As President Donald Trump dials up trade tensions, the stock market is taking another blow. One macro strategist warns U.S. economic growth could be one of the next casualties of an all-out trade battle.
“Trade wars, in the short run and even in the long run, they do not benefit anybody,” Gina Sanchez, CEO of Chantico Global, told CNBC’s “Trading Nation” on Friday. “Oxford Economics has an estimate that it could lop off between 0.3 percent and 0.4 percent of U.S. GDP. That kind of GDP growth to a country that, at its best, might grow at 2 percent, that’s pretty significant.”
The U.S. economy is expected to expand by 2.8 percent in 2018 as higher deficit spending and tax cuts boost growth. That expansion should slow to 2.4 percent in 2019, according to FactSet estimates.
Higher trade barriers and slower growth would ripple through to impact other business costs, said Sanchez.
“You’re talking about a pretty significant slowdown because it’s inflationary,” said Sanchez. “Input costs are going up and labor costs are going up. What’s going to happen to the margin? That’s the challenge that we’re facing. I do think it’s time to start considering getting very defensive.”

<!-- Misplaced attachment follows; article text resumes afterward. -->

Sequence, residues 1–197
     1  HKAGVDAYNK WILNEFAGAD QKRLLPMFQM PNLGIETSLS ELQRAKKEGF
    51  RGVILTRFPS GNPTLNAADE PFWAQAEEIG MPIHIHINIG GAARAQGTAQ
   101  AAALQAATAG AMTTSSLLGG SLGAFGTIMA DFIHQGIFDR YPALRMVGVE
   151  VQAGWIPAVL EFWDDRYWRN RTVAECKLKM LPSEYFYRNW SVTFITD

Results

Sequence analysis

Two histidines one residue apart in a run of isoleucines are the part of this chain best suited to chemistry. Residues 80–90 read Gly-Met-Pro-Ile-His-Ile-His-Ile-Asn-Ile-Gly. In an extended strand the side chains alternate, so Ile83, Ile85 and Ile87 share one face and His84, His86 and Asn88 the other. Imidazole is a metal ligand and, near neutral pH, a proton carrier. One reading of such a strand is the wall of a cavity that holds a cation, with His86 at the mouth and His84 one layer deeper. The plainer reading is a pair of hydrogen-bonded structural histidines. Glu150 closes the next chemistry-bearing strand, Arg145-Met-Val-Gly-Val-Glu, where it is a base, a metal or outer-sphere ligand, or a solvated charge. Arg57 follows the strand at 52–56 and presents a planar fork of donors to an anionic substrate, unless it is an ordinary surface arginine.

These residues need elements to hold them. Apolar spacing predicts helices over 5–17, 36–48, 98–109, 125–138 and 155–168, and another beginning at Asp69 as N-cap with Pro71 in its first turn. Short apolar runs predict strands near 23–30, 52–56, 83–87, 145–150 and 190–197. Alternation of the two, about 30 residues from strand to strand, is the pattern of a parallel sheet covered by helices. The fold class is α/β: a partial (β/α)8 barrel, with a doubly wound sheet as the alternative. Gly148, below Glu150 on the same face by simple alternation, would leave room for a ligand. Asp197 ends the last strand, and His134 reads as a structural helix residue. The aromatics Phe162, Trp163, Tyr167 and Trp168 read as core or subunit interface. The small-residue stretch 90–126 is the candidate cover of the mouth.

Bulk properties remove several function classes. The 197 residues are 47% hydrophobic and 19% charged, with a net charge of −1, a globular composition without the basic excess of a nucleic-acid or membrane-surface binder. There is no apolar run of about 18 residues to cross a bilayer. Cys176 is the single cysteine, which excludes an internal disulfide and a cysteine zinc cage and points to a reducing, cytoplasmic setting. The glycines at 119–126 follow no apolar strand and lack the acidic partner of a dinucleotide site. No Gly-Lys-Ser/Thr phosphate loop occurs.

After a weak start to the year, defensive sectors such as consumer staples and utilities have begun to break out. The consumer staples sector is the best performer of the S&P 500 in June so far, while telecoms and utilities are both up 1 percent.
Recent gains aside, there are bargains to be found in defensive areas of the market, according to Larry McDonald, editor of the Bear Traps Report.
“It’s an extremely popular strategy to move into aggressive growth,” McDonald said on Friday’s “Trading Nation.” “The unloved sectors, whether it be telecom or consumer staples, these are the cheapest they’ve been, probably the second cheapest, in the last 50 years relative to growth.”
Once capital begins to transition to defensive names over growth stocks, these sectors could see a major swing higher, added McDonald.
“This transition of capital that would move from one sector to the other, this rotation, it wouldn’t take much to have a 10 to 15 percent bear market rally in telecom as well as in staples and I think that’s what’s going to happen in the next two to three months,” said McDonald.
The consumer staples and telecom sectors are the worst performers in the S&P 500 in the year to date. Staples are down 10 percent and telecoms have dropped 12 percent.